I grew up in a small town lost in the French Pyrénées. The three or four drunks, bolted to their seats in the village’s only bar, were my first encounter with pundits. With all due respect to all the “real” pundits populating the mediasphere, I am just saying that strongly voicing your opinions on various subjects, some of which you barely understand, is ingrained in human nature. We inherently value people with strong opinions and resent the ones unable to provide a clear black/white answer – ask any climate scientist grilled during a congressional hearing! By saying this, I am also guilty of a black & white description of the world. There are of course a lot of exceptions to what I just said; but, underestimating how widespread this phenomenon is would be a great mistake.
Today, the Wall Street Journal published an article entitled: “Crash Data Suggest Driver Error in Toyota Accidents.” Remember all the fuss about Toyota’s safety recalls a couple of months ago? Remember how people did not believe them when Toyota said that it was just a sticky gas pedal and floor mat issue? Well, they got sued, more than a 100 times, for sudden acceleration due to faulty electronics. According to the National Highway Traffic Safety Administration own investigation of the 3000+ complaints it received, only one incident so far could be linked to a faulty equipment – a sticky floor mat. The rest, it turns out to be people mistakenly flooring the gas pedal instead of the brakes. This is a perfect example of how the tiniest flaw can be magnified and become the ugliest scar. Unless the NHTSA changes its conclusions, recalling only the concerned models with the sticky gas pedal and floor mat would have been enough – as Toyota did. But, in this case, it was too little and above all too late. Pundits and other “amplifiers” had already taken over the story and blew it out of proportion. It resulted in the worst possible PR nightmare for Toyota! In the end, Toyota had to pay out of its own pocket the checking of the electronic boxes for all his fear-struck customers.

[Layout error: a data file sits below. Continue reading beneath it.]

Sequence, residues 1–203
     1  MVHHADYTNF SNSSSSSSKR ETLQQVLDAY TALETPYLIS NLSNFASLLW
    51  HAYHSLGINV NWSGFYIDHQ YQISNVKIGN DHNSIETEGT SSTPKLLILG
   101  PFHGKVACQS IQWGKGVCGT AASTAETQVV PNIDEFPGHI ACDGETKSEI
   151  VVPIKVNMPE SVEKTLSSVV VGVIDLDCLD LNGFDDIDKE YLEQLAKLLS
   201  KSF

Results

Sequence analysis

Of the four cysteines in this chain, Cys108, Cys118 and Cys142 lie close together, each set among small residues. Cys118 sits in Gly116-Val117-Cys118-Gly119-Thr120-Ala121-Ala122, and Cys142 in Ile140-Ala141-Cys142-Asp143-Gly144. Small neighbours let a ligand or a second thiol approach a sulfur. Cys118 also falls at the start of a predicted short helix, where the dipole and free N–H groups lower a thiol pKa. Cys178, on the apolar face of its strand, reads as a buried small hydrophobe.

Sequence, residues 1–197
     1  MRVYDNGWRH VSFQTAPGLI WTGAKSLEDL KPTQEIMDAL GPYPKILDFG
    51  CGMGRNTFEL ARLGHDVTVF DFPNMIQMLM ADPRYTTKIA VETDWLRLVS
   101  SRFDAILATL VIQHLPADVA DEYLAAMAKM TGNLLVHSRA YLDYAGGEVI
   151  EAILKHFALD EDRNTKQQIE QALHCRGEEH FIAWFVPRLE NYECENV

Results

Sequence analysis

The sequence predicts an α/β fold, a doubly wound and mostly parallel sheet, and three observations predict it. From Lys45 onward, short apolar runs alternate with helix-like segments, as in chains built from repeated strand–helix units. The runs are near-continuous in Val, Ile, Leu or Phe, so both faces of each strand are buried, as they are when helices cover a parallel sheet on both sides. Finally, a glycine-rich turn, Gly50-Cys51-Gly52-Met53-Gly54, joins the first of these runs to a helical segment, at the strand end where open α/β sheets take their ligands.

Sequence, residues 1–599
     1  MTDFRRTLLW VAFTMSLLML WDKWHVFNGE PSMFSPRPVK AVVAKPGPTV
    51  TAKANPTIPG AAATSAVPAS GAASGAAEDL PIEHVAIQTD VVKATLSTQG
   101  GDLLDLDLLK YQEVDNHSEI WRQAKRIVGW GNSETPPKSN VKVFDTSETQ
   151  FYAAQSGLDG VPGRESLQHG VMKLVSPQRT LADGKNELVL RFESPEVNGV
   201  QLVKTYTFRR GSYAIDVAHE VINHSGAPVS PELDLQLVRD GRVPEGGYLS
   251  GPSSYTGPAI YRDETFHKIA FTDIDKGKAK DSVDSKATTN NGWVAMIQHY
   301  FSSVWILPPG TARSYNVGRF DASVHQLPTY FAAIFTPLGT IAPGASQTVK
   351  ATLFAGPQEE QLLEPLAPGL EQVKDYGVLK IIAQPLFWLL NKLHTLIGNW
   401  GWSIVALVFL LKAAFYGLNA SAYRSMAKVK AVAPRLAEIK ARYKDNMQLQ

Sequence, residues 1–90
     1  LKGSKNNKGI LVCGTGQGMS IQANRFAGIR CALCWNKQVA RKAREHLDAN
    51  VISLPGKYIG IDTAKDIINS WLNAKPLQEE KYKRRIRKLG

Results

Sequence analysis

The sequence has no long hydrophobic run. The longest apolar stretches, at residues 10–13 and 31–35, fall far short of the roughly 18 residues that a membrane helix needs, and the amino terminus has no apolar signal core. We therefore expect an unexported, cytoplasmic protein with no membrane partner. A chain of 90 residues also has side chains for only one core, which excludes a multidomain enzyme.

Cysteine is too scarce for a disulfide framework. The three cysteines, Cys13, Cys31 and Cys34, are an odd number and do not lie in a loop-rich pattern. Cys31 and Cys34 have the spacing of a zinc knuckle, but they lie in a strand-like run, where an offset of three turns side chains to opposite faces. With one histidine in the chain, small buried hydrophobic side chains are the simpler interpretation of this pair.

The moral of all of this is pretty simple. Back in my village, when you were doing too well for yourself, you knew that the smallest misstep would be blown out of proportion. Likewise, when you are Toyota or any leading company, be assure that any of your missteps will make a good story to ride on – despite sometimes the lack of evidence. This is even more true if you are a foreign company. Less than 2 months after the Toyota scandal, GM recalled 1.5 million vehicles for a windshield wiper fluid system that could ignite a fire. Pretty scary, huh? Did you hear about it?
Toyota made two mistakes: the first was to wait too long to recall those faulty floor mats and the second? They underestimated the power of a good story in the mediasphere.
Anyway, we all praise the wonders of a flat world but we tend to forget that it is way harder to hide in a flat world. In the online world, it is even worse. People will always looking for good stories that move them emotionally – fear, love, guilt, etc. The veracity of the story becomes even secondary. Heck! You can be considered dead unless you tweet otherwise! Companies, be ready to beef up your PR department! Stormy weather ahead!